The 8th Annual Macon Film Festival (MaGa), a Knight Arts grantee, ended yesterday. Whether people showed up due to a love for filmmaking, the chance to rub elbows with the stars, or just to drink the MaGa-tinis, the effect was just the same. The film festival was, by all accounts, a big success. Over the weekend, my social feeds (Twitter, Facebook, Instagram, etc.) were filled with pictures from the festival, so I thought “What better way to sum up MaGa #8 than with a round-up of online commentary?” I think it’s fascinating to look at an event through the online content created around it. Maybe you do, too? Either way, this is a portion of what I found.
Blogging is still cool. Filmmakers wrote about their films and their participation in the festival. Jonathan Hickman blogged about the film he helped write and edit called “The Man Who Ate New Orleans” on DailyFilmFix.com. I caught the screening on Friday, and I give it two thumbs up. Emmy-winner Cady McClain discussed being in Macon for the screening of “How We Got Away With It” on her personal blog, CadyMcClain.com. She’s an associate producer on the film, directed by Jon Lindstrom. Local blogger Angel Collins shared her experiences with daily blog posts about the festival. MaGa was definitely a hit in the blogsphere. (Is it still okay to say “blogosphere?”)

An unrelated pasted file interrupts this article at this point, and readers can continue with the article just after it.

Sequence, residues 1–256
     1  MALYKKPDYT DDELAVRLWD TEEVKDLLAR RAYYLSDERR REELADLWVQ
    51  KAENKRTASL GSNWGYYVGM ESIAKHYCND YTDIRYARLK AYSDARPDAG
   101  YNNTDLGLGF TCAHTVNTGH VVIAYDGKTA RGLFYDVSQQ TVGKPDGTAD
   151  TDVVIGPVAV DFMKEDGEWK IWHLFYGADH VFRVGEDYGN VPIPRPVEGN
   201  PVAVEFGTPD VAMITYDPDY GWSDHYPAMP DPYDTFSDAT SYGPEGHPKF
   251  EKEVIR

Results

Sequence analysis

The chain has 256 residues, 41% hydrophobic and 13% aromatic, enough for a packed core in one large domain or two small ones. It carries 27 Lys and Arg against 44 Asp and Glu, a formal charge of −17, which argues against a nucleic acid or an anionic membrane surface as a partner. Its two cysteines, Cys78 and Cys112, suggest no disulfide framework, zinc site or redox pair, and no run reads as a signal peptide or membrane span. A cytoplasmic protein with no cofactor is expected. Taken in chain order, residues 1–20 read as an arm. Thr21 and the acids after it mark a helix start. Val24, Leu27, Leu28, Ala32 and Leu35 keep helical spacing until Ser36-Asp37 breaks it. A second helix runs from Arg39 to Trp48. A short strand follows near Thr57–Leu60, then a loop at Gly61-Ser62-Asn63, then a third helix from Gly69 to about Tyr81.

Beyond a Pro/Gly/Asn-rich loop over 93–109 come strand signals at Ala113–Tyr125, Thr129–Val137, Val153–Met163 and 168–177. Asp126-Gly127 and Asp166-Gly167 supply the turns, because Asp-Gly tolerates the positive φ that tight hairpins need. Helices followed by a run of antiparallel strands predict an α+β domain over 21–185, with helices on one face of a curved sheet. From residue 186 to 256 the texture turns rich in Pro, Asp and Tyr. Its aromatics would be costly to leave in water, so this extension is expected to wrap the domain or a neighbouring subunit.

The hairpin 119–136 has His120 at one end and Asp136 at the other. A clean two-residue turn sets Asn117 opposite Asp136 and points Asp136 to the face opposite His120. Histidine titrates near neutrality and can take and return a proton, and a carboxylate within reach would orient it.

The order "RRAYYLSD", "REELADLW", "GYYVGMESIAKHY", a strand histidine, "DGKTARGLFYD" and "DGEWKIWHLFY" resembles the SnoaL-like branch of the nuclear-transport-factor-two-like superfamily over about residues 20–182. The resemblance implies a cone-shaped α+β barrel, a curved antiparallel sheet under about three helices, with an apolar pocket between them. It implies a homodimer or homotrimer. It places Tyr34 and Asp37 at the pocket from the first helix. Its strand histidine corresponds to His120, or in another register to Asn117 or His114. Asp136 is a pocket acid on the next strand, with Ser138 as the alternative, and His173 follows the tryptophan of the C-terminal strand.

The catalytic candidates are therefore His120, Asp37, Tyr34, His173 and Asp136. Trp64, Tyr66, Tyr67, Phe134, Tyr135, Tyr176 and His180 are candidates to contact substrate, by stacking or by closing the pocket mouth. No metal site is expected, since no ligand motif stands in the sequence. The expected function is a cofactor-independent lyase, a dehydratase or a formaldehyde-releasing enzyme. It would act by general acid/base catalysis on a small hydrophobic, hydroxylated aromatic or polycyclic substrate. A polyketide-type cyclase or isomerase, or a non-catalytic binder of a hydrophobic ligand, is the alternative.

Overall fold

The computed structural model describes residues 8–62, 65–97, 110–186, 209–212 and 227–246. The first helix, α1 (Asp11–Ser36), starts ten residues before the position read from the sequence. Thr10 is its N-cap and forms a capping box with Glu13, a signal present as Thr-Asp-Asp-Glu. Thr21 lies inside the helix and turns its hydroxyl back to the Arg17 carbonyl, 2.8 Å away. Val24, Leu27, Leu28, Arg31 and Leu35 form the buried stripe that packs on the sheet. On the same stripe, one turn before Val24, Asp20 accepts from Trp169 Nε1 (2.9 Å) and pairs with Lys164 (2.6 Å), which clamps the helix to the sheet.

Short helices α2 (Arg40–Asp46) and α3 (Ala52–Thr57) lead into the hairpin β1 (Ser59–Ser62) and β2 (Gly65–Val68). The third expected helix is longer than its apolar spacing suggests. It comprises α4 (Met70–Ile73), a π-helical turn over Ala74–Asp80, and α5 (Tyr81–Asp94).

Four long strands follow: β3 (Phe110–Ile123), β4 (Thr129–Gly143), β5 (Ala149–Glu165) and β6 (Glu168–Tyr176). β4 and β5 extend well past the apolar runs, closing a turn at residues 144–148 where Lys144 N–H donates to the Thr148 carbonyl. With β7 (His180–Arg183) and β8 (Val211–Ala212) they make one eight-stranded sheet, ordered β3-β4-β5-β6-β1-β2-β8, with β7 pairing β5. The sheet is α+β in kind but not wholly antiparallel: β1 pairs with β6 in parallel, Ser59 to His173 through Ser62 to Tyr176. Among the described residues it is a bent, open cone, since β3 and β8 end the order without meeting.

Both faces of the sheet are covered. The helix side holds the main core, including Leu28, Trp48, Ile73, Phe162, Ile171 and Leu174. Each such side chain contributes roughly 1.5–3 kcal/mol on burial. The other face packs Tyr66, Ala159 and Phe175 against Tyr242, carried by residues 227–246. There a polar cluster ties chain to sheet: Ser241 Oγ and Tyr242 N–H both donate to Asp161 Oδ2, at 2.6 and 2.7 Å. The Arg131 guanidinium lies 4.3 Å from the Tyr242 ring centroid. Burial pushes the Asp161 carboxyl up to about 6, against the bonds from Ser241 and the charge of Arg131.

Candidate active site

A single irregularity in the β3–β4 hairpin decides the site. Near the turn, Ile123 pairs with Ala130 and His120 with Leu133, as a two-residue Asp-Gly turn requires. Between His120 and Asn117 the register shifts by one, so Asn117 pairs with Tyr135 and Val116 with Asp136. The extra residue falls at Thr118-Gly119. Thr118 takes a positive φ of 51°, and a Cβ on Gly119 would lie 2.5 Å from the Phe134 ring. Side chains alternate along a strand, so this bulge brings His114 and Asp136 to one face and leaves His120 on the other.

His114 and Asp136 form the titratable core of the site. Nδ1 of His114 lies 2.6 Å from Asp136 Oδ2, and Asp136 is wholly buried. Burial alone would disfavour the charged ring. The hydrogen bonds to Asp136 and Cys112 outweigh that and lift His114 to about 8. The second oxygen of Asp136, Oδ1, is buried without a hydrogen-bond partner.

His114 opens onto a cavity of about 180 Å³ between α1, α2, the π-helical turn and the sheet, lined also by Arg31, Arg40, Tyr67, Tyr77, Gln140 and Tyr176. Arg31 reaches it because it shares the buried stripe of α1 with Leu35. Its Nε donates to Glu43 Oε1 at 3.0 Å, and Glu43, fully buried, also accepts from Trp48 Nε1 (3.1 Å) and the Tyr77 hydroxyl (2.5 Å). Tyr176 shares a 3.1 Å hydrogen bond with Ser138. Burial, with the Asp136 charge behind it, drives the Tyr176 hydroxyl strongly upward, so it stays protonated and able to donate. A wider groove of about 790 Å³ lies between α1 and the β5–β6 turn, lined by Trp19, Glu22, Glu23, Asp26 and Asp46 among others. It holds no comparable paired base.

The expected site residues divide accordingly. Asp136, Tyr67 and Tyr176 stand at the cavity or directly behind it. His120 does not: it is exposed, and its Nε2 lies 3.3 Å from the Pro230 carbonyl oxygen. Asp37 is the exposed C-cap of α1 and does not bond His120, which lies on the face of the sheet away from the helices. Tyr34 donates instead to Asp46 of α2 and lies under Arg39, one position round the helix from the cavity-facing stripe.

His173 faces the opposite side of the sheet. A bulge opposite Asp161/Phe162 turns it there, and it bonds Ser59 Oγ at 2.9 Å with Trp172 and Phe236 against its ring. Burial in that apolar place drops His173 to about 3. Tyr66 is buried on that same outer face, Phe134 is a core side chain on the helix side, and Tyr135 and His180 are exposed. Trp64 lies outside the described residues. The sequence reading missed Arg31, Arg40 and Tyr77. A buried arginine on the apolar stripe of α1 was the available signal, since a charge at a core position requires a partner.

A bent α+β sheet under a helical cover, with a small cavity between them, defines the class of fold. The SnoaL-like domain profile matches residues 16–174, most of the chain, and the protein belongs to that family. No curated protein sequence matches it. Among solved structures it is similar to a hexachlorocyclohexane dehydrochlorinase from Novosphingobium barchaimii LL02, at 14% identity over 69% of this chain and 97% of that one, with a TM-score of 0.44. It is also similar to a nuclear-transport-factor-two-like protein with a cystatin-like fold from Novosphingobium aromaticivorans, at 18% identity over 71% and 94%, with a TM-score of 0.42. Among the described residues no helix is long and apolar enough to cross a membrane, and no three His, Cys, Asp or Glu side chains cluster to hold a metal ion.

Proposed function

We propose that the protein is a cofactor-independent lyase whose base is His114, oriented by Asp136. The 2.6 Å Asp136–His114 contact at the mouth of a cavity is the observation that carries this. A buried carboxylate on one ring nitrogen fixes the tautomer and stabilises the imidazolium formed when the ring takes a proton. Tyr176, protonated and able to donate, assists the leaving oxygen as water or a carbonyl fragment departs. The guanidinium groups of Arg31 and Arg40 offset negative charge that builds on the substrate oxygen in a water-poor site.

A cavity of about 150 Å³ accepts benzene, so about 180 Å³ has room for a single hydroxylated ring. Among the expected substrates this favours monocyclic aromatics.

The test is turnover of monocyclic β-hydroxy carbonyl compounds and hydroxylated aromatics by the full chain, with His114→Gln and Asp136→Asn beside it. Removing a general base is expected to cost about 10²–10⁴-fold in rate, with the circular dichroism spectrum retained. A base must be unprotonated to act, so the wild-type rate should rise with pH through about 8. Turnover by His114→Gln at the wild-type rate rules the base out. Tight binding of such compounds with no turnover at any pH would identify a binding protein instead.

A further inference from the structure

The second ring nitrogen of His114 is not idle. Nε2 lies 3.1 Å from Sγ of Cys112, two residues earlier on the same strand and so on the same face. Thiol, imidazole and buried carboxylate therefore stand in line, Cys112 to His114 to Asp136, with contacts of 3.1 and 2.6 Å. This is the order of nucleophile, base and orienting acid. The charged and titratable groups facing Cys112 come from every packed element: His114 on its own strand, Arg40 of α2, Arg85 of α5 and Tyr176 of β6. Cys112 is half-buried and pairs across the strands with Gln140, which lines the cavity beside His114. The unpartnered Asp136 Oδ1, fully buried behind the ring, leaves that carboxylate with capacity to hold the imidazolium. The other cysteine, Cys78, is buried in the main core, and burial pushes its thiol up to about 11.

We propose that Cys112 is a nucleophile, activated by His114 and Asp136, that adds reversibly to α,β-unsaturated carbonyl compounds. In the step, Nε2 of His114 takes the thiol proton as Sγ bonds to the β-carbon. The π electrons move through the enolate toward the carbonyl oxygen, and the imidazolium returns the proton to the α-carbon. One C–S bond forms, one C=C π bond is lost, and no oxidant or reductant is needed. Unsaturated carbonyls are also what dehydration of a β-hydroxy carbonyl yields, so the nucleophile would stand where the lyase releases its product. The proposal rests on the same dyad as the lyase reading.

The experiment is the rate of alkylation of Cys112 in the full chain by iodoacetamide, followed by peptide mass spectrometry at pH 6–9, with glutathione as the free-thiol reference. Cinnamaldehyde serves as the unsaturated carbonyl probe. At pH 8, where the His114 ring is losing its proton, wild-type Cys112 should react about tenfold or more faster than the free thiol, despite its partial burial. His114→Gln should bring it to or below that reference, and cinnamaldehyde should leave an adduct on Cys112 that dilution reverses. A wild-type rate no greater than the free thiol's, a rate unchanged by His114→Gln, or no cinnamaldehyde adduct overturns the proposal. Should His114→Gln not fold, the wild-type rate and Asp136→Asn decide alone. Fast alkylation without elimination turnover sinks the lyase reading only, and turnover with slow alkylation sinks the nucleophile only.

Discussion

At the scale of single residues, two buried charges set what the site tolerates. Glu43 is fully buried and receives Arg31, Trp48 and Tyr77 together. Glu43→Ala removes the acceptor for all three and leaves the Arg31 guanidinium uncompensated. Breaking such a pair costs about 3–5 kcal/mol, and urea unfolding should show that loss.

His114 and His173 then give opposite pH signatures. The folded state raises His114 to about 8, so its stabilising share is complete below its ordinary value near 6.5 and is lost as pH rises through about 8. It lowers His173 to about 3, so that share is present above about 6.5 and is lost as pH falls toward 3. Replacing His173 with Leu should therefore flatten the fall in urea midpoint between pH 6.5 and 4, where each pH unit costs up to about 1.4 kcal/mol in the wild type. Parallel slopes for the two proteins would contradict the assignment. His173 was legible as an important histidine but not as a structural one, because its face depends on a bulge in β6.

Journalists love MaGa, too. Students from Mercer University’s Center for Collaborative Journalism (CCJ) were heavily involved in interviewing the filmmakers and in live-tweeting the event. They even storified it. (Or is it spelled “storyfied?” My spell check tells me both are incorrect, so feel free to enlighten me in the comments.) CCJ’s partners in collaboration, Georgia Public Broadcasting (GPB) and The Telegraph (Macon.com) didn’t miss a beat. Burgess Brown, a CCJ student, covered the event for Georgia Public Broadcasting, with a piece titled “Soap Star Comes To Macon Film Festival.” Debbie Blankenship wrote a story for The Telegraph titled “Annual Macon Film Festival draws stars, filmmakers and move lovers.” And, local television station, 13WMAZ posted a video simply titled “Macon Film Festival Comes to Town.” It’s what PR professionals would call “lots of earned media.”
Here on KnightArts.org, I wrote a blog post about the kick-off screening of “The Buddy Holly Story.” Knight Foundation Program Director for Macon Beverly Blake also wrote a post on the role the film festival plays in community building. Read it here. It’s particularly relevant, because along with showcasing great filmmaking, the Macon Film Festival is doing something more — establishing a presence for Macon, online and off, that will hopefully resonate in the movie industry. A quick Google search for “Macon Film Festival” tells a story of Macon that is positive and inviting. I encourage any filmmakers reading this blog to give Macon extra consideration for an upcoming project. Not only is the city full of unique architecture and camera-friendly locations, but the community is openly inviting you by throwing a big party for you every year. Ask anyone who’s attended the Macon Film Festival and they will tell you, “Macon is a filmmaker’s city.”
Learn more about the Macon Film Festival at www.MaconFilmFestival.com.